May 2024 Blog

May Tree Talk: Trees and Mental Health

We talk about the power of trees and greenspaces a lot at Capital Trees. They work hard for the environment — sequestering carbon, mitigating stormwater runoff, cleaning the air, providing food and habitat resources, and of course, in the true fashion of a “giving tree”, they offer shade. We also talk a lot about how important trees and greenspaces are for supporting physical health. Safe, shady, accessible areas to exercise help promote cardiovascular health and weight loss, and greenspaces can improve air quality for those who suffer from asthma. But trees promote more than just physical health. May is National Mental Health Awareness Month, and today we want to highlight the positive impact that trees can have on our mental wellbeing, which is proving to be more important for society than ever. 

Trees benefit our mental health in a variety of ways, which makes them incredibly beneficial in our community spaces.

Trees for stress relief.

There is evidence that time spent in nature can lower cortisol levels, heart rate, and anxiety. Cortisol is an essential hormone which regulates your body’s stress response, maintains blood pressure, and regulates immune function. Time spent with trees can even buffer the impacts of loneliness and social isolation, which are becoming more and more pervasive in modern society. 

Trees invite birds in.

Some studies suggest that bird songs can lower stress levels, and bird songs that are already familiar to us (our local bird calls) tend to be the most beneficial. We know, we know. Birds aren’t trees. But, many of Virginia’s songbirds depend on new and old trees for habitat. Trees on their own are wonderful for mental health, but when combined with calming bird calls? They’re downright healing. Connecting with nature has been shown to increase happiness, one’s sense of well being, positive social interactions, and a sense of meaning and purpose in life. 

Trees for meditation.

So what about forest bathing?  Maybe you’ve heard the term before. Forest bathing is an ancient Shinto and Buddhist practice which lets nature into your body through your senses. Forest bathing is when you immerse all your senses into nature so you fully experience your surroundings. This practice is thought to work in our bodies due to a chemical that plants produce called phytoncide. Phytoncides stimulate Lymphocite white blood cells which are an important part of our immune system. After time spent forest bathing, people are shown to experience lower cortisol, a slower heart rate, and decreased anxiety. Perhaps the greatest thing about forest bathing is that you don’t have to go out to heavily wooded areas or the wilderness to gain these benefits, it can be done in a local park or greenspace. The important part  is slowing down and really connecting with the nature in your area, ideally for at least 20 minutes.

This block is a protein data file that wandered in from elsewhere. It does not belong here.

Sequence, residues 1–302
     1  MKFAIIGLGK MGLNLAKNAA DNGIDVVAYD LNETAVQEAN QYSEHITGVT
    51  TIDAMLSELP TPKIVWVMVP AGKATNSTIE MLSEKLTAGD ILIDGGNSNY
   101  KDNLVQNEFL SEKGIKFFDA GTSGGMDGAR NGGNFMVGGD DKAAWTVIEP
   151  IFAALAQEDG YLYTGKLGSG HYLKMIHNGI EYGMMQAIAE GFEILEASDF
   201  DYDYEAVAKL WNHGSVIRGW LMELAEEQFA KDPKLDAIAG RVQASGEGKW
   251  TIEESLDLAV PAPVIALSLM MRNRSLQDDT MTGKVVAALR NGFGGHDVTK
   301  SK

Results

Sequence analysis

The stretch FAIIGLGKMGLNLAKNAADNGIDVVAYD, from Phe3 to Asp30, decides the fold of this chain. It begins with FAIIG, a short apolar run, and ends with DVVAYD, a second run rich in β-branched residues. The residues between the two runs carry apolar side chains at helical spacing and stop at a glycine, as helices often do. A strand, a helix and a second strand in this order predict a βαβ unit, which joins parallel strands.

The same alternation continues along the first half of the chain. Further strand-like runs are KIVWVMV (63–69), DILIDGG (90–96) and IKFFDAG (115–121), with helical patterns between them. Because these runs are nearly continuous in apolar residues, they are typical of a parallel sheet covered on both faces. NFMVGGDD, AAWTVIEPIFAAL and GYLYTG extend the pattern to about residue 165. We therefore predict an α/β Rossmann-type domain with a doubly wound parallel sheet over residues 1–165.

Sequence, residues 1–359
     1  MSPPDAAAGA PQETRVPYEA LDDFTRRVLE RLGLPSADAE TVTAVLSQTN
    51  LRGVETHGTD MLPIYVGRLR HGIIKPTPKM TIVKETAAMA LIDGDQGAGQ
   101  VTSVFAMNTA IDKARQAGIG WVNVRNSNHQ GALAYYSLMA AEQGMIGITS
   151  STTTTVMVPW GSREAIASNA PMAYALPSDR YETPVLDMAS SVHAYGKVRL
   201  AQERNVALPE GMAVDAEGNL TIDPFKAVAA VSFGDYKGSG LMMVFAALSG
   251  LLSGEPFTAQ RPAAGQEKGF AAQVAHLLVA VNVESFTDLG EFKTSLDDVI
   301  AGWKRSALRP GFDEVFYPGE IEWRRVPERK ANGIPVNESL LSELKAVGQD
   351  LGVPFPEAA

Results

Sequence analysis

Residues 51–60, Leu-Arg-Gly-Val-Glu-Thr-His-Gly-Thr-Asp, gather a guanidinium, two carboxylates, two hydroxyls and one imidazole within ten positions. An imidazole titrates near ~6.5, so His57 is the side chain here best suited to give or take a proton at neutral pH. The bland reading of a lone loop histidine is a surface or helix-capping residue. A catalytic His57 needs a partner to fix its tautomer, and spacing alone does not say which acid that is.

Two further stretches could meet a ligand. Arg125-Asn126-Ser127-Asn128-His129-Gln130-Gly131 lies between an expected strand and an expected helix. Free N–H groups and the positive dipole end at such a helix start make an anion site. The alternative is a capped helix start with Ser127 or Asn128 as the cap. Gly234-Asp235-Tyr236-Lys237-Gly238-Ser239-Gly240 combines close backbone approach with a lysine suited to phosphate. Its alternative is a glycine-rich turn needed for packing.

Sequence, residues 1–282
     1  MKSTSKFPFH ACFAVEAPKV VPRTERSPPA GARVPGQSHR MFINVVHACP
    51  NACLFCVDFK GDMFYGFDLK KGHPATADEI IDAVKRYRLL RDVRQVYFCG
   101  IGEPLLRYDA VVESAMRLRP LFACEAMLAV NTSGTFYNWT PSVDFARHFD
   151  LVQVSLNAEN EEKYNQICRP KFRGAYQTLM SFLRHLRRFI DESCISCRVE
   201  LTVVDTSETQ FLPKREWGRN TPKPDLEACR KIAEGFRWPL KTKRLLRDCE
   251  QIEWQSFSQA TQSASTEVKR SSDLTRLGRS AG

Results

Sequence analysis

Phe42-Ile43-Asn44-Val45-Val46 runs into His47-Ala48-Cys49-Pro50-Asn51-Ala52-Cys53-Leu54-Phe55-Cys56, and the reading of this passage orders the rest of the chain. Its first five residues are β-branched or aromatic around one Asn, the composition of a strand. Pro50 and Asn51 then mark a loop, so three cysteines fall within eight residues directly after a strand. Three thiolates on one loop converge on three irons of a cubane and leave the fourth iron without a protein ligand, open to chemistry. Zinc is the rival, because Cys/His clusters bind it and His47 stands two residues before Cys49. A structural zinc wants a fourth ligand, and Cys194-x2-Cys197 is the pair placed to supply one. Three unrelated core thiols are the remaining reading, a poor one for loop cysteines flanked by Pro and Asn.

We need to take care of our brain the same way we would take care of a broken leg, or open wound. Healing, happiness, and stress management are crucial components to overall wellbeing. There is a growing value being placed on prescribing time in nature through a nonprofit called ParkRX. Although these prescriptions are largely focused on physical health for the time being, I don’t think we are far off from considering the value of park prescriptions for mental health. Though we are at the end of the official national month for mental health awareness, mental health is important to focus on, all year long. Even as we move out of May we challenge you to try and spend at least two hours a week in a park or under a tree. Take the time to stare at the leaves and watch insects moving up and down the trunk, breathe in, breathe out. Visit the Low Line, sit on a bench, and watch the gardens, and feel for yourself the impact it can have on your outlook.  


May — Urban Green Space Maintenance

May has been a busy month for us in the gardens and across our other project sites. With the weather transitioning towards consistently warm days we have been focused on trying to stay on top of the annual weeds. Though we have done a great job so far of reducing the seedbank in many of the plots (thanks to our volunteers!), there are definitely still a few sections of the garden that need attention. We have also planted a couple of shrubs and transplanted some of the rudbeckia along the Low Line, as we try to take advantage of the last minute planting window before we fade into the strong heat of summer. Additionally, tree diapers were added around the trees that were planted at Canoe Run Park last fall, and late spring maintenance was conducted there to help promote the health of the new trees.

May — Featured Trees Seasonal Update

This year we’ll be documenting the same two trees as they progress out of dormancy, bud out in the spring, are full of foliage in the summer, and lose their leaves in the fall. Follow along for monthly updates on the River Birch and Eastern White Redbud along the Low Line Gardens in Richmond, Virginia.

May — Spotted at Low Line Gardens

It is that time of year again! The Canadian Geese have returned to the Low Line and Kanawha Canal with plenty of goslings in tow. Though we love that they come and visit every year we’d like to please remind everyone not to feed them as it is important they continue to migrate in the winter!


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